GitHub is announcing a new way for businesses to invest in open-source alongside other features on day one of its virtual Universe conference.
Businesses will now be able to show their support and appreciation for their favourite open-source projects via ‘GitHub Sponsors for Companies’.
The new feature enables companies to invest in open-source projects using their existing GitHub billing arrangements. Several high-profile businesses – including Amazon, Microsoft, American Express, Daimler, Stripe, and others – have committed to supporting the venture and investing in projects which are generally helping their efforts.
Mike Fix, OSS lead & Software Engineer at Stripe, commented:
“At Stripe, open source is not only a way for us to connect with our developer community, but it is an integral component of our software supply chain.
Open-source provides distribution that meets our users where they are and extends our platform to its fullest potential.
GitHub enables us to invest in projects that tangibly help our users, so we’re thrilled to be a partner in this effort.”
GitHub has also made several other announcements to kick off its conference.
One of the new (and overdue) features is dark mode support—something which is sure to be appreciated for all those late-night coding sessions.
GitHub Discussions is now available in public beta. The feature aims to make it easier to curate and maintain conversation threads, with controls for customising categories, transferring, and pinning discussions, and converting Issues into discussions.
Dirk Lemstra, Maintainer of ImageMagick, said:
“After using GitHub Discussions for one week, we decided to move the ImageMagick forum onto Discussions.
Our core team receives up to five questions from our community each day and prior to Discussions, people were opening issues, emailing us, or asking questions on our PHP forum. This combination left us with a scattered set of notifications.
Discussions save me time because now, it’s just one inbox — and that’s my GitHub notifications inbox.”
A new auto-merge feature for pull requests enables authors to opt into having a pull request merged automatically once its required reviews or status checks have passed.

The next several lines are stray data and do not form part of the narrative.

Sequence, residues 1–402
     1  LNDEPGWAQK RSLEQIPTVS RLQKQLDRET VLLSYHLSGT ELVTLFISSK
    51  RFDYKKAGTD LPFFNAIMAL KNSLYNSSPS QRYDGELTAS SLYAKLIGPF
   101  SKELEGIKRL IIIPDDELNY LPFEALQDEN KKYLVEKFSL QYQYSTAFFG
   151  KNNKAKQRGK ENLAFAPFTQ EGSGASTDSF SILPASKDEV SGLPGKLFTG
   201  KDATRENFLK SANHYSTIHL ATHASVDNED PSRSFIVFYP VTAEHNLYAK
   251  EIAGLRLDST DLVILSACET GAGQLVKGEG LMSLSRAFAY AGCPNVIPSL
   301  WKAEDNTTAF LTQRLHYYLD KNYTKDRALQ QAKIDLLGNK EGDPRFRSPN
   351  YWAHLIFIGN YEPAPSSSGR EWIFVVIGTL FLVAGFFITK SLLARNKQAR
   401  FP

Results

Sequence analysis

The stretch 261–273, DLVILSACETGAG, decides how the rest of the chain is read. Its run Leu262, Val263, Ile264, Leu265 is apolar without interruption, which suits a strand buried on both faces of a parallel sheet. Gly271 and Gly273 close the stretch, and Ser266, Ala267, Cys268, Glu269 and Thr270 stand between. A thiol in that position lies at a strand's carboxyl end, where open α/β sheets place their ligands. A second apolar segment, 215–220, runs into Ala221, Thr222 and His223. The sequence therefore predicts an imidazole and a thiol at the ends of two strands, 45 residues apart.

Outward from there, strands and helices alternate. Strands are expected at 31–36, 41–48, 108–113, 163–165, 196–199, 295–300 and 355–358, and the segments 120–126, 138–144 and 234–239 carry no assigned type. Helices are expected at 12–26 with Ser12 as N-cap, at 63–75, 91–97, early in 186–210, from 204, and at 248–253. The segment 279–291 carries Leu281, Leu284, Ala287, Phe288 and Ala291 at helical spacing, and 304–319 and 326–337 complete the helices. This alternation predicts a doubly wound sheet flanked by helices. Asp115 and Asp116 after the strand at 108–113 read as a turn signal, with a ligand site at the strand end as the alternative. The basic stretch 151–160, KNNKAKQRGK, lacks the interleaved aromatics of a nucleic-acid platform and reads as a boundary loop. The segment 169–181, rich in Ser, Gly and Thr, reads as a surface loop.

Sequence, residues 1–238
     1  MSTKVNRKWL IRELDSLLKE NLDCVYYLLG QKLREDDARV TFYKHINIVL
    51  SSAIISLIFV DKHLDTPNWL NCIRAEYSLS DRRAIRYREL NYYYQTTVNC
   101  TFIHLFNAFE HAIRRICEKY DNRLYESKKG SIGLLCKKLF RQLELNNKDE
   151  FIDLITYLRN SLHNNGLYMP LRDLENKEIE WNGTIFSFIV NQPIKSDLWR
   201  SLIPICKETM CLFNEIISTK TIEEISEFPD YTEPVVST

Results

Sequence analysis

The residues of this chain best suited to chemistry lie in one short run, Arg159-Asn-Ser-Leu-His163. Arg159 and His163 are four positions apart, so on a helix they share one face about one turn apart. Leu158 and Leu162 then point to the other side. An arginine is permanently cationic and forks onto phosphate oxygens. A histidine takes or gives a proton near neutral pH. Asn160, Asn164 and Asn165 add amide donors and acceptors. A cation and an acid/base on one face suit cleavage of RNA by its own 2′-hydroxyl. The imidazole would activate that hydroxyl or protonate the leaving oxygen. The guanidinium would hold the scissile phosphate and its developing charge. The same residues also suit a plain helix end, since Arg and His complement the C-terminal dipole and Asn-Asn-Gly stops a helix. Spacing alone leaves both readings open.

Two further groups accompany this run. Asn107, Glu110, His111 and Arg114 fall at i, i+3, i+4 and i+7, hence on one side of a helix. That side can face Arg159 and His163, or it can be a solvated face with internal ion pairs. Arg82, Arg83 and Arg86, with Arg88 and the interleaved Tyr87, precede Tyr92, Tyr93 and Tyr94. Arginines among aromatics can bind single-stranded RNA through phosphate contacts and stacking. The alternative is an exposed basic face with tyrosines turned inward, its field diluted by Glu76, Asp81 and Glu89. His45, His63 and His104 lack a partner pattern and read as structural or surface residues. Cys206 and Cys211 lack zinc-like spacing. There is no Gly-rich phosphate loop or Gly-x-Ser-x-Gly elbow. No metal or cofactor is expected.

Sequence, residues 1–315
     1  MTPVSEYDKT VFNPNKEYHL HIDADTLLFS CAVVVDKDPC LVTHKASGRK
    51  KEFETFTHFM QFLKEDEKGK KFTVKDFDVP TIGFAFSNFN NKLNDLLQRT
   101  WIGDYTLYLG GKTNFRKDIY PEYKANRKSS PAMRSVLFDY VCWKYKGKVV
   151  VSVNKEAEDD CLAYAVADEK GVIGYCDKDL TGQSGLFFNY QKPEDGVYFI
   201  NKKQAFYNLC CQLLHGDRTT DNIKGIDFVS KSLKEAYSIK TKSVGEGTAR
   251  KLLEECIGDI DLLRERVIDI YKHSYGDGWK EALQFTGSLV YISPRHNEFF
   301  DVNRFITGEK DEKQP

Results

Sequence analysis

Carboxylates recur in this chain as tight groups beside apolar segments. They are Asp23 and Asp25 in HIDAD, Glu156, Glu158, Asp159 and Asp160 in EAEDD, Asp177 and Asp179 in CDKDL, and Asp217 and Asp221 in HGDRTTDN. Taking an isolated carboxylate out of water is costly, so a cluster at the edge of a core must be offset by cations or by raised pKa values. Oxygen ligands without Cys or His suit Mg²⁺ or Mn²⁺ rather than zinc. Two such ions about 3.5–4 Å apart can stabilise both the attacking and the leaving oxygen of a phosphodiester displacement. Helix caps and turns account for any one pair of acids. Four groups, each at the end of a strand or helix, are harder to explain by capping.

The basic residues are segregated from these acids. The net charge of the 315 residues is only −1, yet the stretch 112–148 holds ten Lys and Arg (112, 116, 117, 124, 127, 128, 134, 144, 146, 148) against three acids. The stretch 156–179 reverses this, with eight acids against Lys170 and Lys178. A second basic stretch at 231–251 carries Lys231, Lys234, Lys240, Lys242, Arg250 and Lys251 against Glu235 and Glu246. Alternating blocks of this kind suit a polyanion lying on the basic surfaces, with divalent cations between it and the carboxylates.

The new feature will be available next week as a public beta on public repositories, and available to private repos on Team and GitHub Enterprise Cloud plans.
GitHub Actions has received various improvements which include protected environments, required reviewers, and deployment logs. A new workflow visualisation promises to make it easier to keep on top of things while keeping pipelines secure and compliant.
Finally, GitHub Advanced Security will enable customers to automate code scanning and secret scanning as part of their GHES deployment. Features like dependency review help to ensure maintainers and companies don’t import vulnerabilities into their codebase.
Dimosthenis Kaponis, CTO of Netdata, comments:
“If Advanced Security reports error issues, the pull request isn’t allowed to be merged. If a security issue is found, we’re informed immediately.
We go over anything GitHub has highlighted, and we make sure that it’s resolved before releasing a stable release.
For the developer who will press the merge button, it inspires confidence.”
That’s quite the bumper release of new features from GitHub on day one of Universe. We’re not expecting any further sizable announcements, but we’ll keep you posted.
You can tune-in to GitHub Universe here.
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